The Phys.org article NASA's new space 'botanist' arrives at launch site states:
NASA's ECOsystem Spaceborne Thermal Radiometer Experiment on Space Station (ECOSTRESS) left NASA's Jet Propulsion Laboratory in Pasadena, California, on April 6 by ground transport and arrived at Kennedy Space Center on April 9.
A few days after it reaches the space station, ECOSTRESS will be robotically installed on the exterior of the station's Japanese Experiment Module Exposed Facility Unit.
ECOSTRESS will give us new insights into plant health by quantifying the temperature of plants from space as never before, measuring regions as small as 230 feet (70 meters) on a side, or about the size of a small farm. It will do this by estimating how much water plants are releasing to cool themselves (i.e., evapotranspiration—the equivalent of sweating in humans). This will tell us how much water different plants use and need, and how they react to environmental stresses caused by water shortages. ECOSTRESS will estimate how much water moves through and out of plants by tracking how the temperatures of plants change. The data from its minimum one-year mission will be used by ecologists, hydrologists, agriculturalists, meteorologists and other scientists.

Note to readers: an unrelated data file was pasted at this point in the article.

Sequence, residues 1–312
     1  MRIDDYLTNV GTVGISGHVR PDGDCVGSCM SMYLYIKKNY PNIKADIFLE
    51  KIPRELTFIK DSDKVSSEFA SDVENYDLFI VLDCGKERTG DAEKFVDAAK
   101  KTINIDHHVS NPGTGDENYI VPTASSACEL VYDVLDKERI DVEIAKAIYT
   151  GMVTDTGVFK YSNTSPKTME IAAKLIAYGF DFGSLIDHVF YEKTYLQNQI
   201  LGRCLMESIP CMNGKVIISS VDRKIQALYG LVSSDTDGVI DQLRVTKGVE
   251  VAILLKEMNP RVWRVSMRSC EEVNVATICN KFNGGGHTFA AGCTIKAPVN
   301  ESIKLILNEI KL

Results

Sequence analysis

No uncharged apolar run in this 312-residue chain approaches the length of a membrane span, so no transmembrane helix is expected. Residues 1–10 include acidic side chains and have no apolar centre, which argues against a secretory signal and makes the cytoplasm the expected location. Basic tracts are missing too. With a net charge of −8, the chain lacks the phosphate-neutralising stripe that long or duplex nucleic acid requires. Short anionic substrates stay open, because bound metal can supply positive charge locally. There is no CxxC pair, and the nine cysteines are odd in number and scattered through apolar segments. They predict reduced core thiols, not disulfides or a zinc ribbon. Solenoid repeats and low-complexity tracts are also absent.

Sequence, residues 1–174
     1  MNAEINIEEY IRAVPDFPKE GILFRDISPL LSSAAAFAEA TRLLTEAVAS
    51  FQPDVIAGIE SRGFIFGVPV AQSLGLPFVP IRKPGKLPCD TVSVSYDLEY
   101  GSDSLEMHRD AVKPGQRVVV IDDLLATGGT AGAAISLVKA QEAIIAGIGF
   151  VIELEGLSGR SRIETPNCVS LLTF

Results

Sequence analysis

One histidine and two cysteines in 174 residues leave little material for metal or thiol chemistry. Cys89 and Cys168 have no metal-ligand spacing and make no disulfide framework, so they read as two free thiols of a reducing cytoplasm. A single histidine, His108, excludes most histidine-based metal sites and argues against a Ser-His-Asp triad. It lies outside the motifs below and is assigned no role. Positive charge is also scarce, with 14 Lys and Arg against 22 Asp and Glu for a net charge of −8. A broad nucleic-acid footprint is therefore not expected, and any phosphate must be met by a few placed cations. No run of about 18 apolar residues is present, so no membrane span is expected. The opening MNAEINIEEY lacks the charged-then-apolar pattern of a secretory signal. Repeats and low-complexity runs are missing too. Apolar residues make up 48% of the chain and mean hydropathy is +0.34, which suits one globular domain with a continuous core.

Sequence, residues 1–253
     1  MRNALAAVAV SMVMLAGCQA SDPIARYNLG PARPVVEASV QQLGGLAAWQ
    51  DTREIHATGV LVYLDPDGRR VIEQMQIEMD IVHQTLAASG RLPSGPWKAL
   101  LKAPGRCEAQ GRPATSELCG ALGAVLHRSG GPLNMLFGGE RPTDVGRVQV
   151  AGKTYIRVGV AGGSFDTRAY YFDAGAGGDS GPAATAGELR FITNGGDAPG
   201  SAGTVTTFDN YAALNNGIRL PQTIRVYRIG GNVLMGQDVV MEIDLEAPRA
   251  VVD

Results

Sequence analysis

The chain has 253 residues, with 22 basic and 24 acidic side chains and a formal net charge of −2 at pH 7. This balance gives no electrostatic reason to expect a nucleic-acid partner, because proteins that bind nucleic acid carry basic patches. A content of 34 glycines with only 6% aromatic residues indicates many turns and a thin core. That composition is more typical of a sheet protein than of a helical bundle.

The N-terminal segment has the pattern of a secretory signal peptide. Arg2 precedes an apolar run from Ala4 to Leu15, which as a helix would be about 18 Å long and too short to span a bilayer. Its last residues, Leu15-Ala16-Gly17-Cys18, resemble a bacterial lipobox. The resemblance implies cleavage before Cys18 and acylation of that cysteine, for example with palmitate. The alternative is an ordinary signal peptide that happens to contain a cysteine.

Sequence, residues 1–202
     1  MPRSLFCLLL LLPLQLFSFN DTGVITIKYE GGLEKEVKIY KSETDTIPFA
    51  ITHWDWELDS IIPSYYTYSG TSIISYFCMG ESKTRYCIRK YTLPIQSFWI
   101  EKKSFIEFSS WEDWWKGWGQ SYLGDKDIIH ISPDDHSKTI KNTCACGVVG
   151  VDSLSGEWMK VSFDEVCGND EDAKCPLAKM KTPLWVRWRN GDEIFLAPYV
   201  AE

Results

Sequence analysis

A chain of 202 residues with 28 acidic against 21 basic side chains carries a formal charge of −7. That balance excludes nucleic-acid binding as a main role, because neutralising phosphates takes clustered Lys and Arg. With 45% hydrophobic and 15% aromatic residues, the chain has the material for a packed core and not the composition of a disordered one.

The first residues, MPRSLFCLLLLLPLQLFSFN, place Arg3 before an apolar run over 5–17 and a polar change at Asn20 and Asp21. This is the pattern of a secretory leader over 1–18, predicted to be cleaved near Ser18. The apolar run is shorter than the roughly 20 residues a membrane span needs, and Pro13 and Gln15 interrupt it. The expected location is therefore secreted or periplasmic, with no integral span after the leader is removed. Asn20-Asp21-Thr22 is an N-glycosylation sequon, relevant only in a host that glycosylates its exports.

It shows a version of this image, but I've found a higher resolution version at the JPL ECOSTRESS mission page.
Question: I don't understand much of what I'm looking at here. On the left the long arm looks like the Mobile Servicing System or MSS and on the left the tangle of joints could be the Special Purpose Dexterous Manipulator (SPDM) or DEXTRE, but near the bottom on the right there are some long, straight segments that look like another MSS. Are there two?
below: "Figure 1. Japanese Experiment Module (colored white) on International Space Station" From here. Click for full size.